- blistering, threats, physical restraints, such as chains, manacles (6) and straightjackets. (4)
- drugs could be administered to hysterical patients to exhaust them (4)
- Moral treatment (late 1700s)
- electrical shocks (later 19th century)
Moral treatment was a form of moral instruction, introduced by William Tuke. It was believed that immorality and vice caused madness (2) (It should be noted syphilis was common and led to insanity), therefore the chances of recovery were increased if the patient was treated like a child rather than an animal (6). Patients were expected to clean, garden, take tea, dine, make polite conversation and consider the consequences of their actions.
In 1815-16, a parliamentary inquiry, with testimonies by Edward Wakefield, eventually lead to reforms. By (mid – late) 19th century, Bedlam was changing.
The Poor Law Amendment Act of 1834 concerned the able-bodied poor but did not clearly establish the non-able bodied or offer any alternative to caring for the sick in their own homes. (4). In 1866, The Association for Improvement of the Infirmaries of London Workhouses was set up. Florence Nigthingale proposed a bill for including ‘that the sick, insane, incurable and children should be dealt with in appropriate and separate institutions.’ From 1867, the Metropolitan Asylums Board played an increasing role in caring for the health of London’s poor (6).
The emphasis of care of patients shifted from control, with physical restraints, to moral management using a punishment/reward system. Bedlam became more humane under William Hood, Chief Medical Superintendent in 1853 (6).
Pictures in the Illustrated London News (1860) showed Bedlam changed from the dark, dreaded place of the 1500s to that of an open, airy residence with communal areas, birds, potted plants and light (15).
Society’s changing attitude toward Bedlam was summed up by Sir James Coxe who addressed the 1877 Select Committee on the Operations of the Lunacy Laws:
“I think it is a very hard case for a man to be locked up in an asylum and kept there; you may call it anything you like, but it is a prison.” (6).
By 1890, the sexes were no longer segregated (8) and, finally, the status of ‘lunatics’ was changed, by parliamentary legislation, from prisoners to patients. (6).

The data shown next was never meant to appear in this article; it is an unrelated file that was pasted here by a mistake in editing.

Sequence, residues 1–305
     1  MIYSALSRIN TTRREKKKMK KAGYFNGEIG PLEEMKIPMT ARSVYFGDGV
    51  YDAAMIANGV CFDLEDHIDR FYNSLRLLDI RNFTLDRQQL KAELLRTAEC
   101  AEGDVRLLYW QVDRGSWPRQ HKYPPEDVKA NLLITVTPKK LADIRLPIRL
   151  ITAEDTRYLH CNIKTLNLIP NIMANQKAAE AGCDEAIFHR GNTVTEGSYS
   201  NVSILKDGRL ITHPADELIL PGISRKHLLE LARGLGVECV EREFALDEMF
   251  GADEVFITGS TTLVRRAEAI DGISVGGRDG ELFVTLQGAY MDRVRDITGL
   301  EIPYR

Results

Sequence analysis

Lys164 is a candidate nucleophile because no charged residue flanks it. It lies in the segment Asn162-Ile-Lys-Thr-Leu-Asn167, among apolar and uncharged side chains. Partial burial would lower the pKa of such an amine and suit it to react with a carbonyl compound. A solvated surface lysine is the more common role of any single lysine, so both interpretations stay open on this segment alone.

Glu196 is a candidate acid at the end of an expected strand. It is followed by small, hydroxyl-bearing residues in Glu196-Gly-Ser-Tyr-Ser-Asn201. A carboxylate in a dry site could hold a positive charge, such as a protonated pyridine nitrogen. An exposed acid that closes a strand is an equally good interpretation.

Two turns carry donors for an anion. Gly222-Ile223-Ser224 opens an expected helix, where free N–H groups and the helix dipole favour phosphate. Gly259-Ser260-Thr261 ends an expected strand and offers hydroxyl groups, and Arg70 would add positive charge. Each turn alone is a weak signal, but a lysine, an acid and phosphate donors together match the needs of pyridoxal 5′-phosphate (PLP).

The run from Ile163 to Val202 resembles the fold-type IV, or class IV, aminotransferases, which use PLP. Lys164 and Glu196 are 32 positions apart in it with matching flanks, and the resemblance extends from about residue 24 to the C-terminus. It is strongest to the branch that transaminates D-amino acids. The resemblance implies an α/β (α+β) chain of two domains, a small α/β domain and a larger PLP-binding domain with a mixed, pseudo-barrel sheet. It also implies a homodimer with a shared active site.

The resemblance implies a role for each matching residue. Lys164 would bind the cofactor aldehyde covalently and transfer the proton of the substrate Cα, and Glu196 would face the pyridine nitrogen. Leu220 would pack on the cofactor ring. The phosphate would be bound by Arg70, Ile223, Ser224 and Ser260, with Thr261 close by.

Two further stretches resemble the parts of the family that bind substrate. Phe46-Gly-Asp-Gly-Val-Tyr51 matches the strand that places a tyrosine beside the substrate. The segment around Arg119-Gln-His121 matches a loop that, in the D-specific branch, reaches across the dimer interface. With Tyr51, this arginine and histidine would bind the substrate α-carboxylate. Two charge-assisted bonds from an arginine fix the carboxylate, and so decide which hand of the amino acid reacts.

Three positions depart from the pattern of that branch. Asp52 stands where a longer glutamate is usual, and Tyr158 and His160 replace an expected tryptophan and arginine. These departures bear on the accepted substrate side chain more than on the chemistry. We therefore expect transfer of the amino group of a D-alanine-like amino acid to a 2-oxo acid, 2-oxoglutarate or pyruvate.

- A Drunkard is Madde for the Present, but a Madde Man is Dunke Alwayes https://animalmadness.com/2011/05/30/a-drunkard-is-madde-for-the-present-but-a-madde-man-is-drunke-alwayes/
- A History of Bedlam, The World’s Most Notorious Asylum: Dance’s Historical Miscellany: http://www.danceshistoricalmiscellany.com/history-bedlam-worlds-notorious-asylum/
- Bodies found in Old Bedlam Hospital
- The History of Mental Illness: from Skull Drills to Happy Pills. http://www.inquiriesjournal.com/articles/283/the-history-of-mental-illness-from-skull-drills-to-happy-pills
- 13. Mental Institutions: Science Museum Brought to Life.
- The Metropolital Asylums Board http://www.workhouses.org.uk/MAB/
- Moral Treatment. Science Museum Brought to Life. http://www.sciencemuseum.org.uk/broughttolife/techniques/moraltreatment
- Under the Dome: Bethlam Blog https://bethlemheritage.wordpress.com/2011/10/11/under-the-dome-notes-on-the-chapel/
- Victorian London – Health and Hygiene – Hospitals – Bethlehem Hospital
- 50 Ways to Commit Your Lover http://www.snopes.com/reasons-admission-insane-asylum-1800s/
- 125 reasons you’ll get sent to the lunatic asylum http://www.appalachianhistory.net/2008/12/125-reasons-youll-get-sent-to-lunatic.html
- List of Reasons for Admission to an Insane Asylum. http://dangerousminds.net/comments/list_of_reasons_for_admission_to_an_insane_asylum
13. Mania, dementia and melancholia in the 1870s: admissions to a Cornwall asylum. J R Soc Med. 2003 Jul; 96(7): 361–363. http://www.ncbi.nlm.nih.gov/pmc/articles/PMC539549
14. Constant Observer. Sketches in Bedlam; or Characteristic traits of insanity, as displayed in the cases of one hundred and forty patients of both sexes, now, or recently, confined in New Bethlem. London, Sherwood, Jones. 1823 https://archive.org/details/39002086347292.med.yale.edu